Tuesday, September 08, 2020

Tuesday Morning Links

This and that for your Tuesday reading.

- Linda Silas writes about the need to invest in improved care and better jobs in order to build a health society. And Linda McQuaig reviews Seth Klein's A Good War as outlining how to turn a pandemic response into an opportunity to make desperately-needed changes to an unsustainable society.

- Paul Karp reports on new research confirming that tax giveaways to the rich do nothing to improve matters for the rest of us.

- Andre Picard warns that Canada's COVID-19 curve is on the rise even before the return to school this fall, while Dominic Rushe and Amanda Holpuch discuss how the U.S. is still far away from meaningfully containing the threat as the winter approaches. And Eric Reguly wonders why governments aren't doing more to ensure the use of masks and rapid testing which have represented the most effective means of allowing some additional activity while limiting the spread of the coronavirus.

- Astrid Helene Kendrick observes that we can't expect to ensure students' well-being by imposing pandemic-related rules which aren't backed with investment in their health and welfare, while Aaron Saad writes that many of the avoidable risks being faced by students, staff and their families are the result of decades of underfunding of public education. The Langley Advance Times highlights the contrast between months of discussion of the importance of physical distancing, and a direction that schools be reopened without any meaningful effort to make that possible. Susan Wright examines Alberta's pitiful excuse for a back-to-school plan. Nigel Bariffe writes about the need to make child care seamless with school access. Melissa Corrente points out the importance of addressing teachers' mental health. And Madi Cyr questions the lack of consideration for students with developmental disorders.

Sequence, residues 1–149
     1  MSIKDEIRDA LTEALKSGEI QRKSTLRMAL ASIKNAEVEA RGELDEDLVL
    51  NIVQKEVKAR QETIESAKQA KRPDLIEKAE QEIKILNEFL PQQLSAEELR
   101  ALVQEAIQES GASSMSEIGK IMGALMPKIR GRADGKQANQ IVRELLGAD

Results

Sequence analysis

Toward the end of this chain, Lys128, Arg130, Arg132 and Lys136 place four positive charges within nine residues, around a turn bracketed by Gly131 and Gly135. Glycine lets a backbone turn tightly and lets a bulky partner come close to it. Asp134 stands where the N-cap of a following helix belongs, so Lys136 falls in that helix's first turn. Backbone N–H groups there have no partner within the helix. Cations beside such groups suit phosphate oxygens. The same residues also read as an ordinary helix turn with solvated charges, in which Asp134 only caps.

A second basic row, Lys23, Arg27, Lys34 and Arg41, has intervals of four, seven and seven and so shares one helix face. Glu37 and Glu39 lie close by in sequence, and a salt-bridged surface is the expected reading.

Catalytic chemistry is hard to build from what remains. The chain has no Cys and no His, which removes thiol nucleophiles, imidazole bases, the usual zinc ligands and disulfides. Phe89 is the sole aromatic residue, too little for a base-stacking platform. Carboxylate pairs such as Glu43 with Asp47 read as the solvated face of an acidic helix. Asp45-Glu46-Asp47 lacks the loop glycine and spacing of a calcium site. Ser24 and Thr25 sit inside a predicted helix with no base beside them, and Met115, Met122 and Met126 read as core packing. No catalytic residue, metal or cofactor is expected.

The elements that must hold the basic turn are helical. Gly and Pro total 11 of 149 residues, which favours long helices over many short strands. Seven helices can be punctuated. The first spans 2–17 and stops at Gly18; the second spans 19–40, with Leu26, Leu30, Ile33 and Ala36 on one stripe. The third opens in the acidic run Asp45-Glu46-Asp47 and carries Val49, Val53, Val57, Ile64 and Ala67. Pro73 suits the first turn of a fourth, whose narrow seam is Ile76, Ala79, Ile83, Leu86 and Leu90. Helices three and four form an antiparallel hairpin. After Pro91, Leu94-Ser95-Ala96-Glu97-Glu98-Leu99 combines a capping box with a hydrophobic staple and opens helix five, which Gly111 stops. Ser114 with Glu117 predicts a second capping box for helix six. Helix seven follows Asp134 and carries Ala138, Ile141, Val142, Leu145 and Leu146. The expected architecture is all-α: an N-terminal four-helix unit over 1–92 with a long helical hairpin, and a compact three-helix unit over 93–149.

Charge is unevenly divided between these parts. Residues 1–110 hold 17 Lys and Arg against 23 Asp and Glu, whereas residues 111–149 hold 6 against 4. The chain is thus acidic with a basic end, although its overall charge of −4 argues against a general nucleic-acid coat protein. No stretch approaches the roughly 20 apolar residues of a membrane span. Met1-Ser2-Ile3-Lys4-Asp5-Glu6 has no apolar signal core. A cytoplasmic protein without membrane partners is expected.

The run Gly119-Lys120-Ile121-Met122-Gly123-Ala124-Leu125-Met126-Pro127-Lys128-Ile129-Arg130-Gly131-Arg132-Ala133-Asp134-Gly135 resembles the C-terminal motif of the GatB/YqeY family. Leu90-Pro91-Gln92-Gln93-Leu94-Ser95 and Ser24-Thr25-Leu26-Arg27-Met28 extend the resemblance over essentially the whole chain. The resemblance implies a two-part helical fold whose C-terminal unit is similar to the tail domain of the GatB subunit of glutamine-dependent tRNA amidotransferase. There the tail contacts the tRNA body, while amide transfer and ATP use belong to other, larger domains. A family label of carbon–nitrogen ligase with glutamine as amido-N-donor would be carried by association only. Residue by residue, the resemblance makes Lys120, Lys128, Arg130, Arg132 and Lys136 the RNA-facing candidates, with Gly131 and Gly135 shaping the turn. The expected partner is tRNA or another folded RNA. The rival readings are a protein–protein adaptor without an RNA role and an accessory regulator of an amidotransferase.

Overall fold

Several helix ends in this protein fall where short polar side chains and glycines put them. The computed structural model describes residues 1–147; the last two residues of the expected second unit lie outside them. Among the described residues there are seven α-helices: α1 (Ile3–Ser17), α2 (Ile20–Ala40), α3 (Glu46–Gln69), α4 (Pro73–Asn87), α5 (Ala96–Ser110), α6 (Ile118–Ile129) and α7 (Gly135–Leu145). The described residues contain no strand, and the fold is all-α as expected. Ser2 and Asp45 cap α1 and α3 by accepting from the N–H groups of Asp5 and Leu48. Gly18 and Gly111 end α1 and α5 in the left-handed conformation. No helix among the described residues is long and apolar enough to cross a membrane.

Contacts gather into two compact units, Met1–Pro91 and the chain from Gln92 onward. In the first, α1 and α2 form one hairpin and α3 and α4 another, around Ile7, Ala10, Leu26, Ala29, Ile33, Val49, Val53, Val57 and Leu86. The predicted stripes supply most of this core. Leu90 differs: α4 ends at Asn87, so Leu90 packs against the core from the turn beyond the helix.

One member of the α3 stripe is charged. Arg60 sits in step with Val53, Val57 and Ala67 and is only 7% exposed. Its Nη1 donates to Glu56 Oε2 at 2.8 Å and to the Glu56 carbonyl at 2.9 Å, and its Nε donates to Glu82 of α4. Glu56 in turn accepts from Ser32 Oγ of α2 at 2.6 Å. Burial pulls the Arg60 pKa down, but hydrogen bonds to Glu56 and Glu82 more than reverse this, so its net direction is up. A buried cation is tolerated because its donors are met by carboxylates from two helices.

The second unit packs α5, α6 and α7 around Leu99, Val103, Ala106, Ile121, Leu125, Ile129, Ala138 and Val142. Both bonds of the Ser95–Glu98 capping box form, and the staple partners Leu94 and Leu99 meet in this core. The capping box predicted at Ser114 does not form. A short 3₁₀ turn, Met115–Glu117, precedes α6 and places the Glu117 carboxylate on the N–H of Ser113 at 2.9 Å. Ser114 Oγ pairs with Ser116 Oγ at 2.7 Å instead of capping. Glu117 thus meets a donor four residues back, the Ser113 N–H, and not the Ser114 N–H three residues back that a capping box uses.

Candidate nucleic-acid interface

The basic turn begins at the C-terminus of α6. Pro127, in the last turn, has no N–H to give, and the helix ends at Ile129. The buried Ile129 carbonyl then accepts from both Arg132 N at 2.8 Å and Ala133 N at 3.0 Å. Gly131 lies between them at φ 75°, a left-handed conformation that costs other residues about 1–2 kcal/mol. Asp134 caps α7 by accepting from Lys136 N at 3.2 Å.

- Finally, Michael Prince makes the case for a national income program for people with disabilities. But lest we think the federal government can accomplish much without provinces acting in good faith, Zak Vescera and Alex MacPherson report that Saskatchewan is among the provinces which has clawed back every nickel it could from federal CERB benefits, while Roberta Bell focuses on the similar clawback from people with disability income - each turning federal emergency relief for people into a provincial windfall which does nothing for its nominal recipients.

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